By: Gerald L. Maatman, Jr., Christopher DeGroff, Matthew J. Gagnon, and Alex S. Oxyer

Seyfarth Synopsis:  On January 8, 2021, the EEOC unveiled a new webpage explaining the administrative and litigation tools used by the Commission to identify and pursue systemic discriminatory practices. This new guidance is the latest in a number of high priority developments at the EEOC this year and is an absolute must-read for employers.

As part of its recent shift to make its processes more transparent to employers and the public, the EEOC’s new webpage provides insights about how the Commission approaches systemic discrimination enforcement efforts. Historically, the EEOC described systemic cases as pattern or practice cases – also often called systemic cases (but not to be confused with Rule 23 class actions, since Rule 23 does not apply to lawsuits brought by the EEOC) – where the discrimination has a significant impact on an industry, profession, company, or geographic location. Over the past several years, the EEOC has taken steps to improve its nationwide approach to addressing systemic issues.

Now, for the first time in several years, this new webpage provides a specific statement about how the Commission defines “systemic” and its approach to addressing such issues. Specifically, the webpage provides background on how the Commission determines that systemic enforcement is effective, explains how the EEOC decides what qualifies as systemic discrimination, and outlines the Commission’s process for initiating and conducting a systemic case.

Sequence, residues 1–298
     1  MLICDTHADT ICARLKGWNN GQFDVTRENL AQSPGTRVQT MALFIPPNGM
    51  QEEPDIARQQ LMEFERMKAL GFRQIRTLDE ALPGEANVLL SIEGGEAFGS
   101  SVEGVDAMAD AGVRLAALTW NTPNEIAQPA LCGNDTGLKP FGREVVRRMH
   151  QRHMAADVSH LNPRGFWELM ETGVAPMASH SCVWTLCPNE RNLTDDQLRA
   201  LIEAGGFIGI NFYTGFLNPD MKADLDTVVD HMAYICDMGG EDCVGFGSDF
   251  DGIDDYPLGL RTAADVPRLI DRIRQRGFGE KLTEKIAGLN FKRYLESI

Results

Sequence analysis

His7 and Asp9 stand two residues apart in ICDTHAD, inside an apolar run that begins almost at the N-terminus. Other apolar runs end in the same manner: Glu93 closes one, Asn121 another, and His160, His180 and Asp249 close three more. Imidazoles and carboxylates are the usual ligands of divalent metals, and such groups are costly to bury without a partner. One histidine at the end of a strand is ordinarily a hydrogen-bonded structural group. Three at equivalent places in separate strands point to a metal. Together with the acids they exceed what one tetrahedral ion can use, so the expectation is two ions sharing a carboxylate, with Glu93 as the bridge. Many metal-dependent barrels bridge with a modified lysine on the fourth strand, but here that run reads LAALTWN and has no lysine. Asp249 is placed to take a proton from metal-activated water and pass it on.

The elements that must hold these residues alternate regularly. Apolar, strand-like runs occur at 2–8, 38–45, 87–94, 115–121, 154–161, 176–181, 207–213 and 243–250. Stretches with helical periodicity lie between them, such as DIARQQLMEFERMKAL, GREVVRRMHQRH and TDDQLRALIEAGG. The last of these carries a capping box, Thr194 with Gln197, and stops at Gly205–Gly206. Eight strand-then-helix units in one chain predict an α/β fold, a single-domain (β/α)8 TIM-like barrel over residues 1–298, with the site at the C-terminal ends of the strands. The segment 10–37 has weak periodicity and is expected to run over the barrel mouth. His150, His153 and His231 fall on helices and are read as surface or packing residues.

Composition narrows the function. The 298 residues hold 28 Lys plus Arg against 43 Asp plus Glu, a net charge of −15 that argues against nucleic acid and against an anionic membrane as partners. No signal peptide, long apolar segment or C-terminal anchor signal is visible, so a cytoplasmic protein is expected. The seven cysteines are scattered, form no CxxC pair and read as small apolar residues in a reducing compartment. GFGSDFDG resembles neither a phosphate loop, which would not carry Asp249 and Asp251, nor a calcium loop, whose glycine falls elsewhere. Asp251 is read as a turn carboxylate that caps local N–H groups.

In the press release announcing the webpage, EEOC Chair Janet Dhillon stated that “[t]he EEOC is strongly committed to making our processes fully transparent and useful to the public,” and that “[s]ystemic enforcement is an important mechanism the Commission uses to remedy discrimination that has broad impacts on industries, professions, or geographic areas.  It is vital that the public knows how we use this tool.”

Implications For Employers

The EEOC’s new webpage is not only helpful to employers, but also is likely a way for the Commission to instruct its field staff now and in the future as to how to identify and address systemic discrimination. The EEOC’s latest shift toward transparency will likely improve consistency among the EEOC’s field offices and provides guidance for employers who are dealing with the Commission on these issues.

The ongoing changes at the Commission are a must-watch for employers as the EEOC continues in its 2021 fiscal year, and we will be tracking the latest developments here.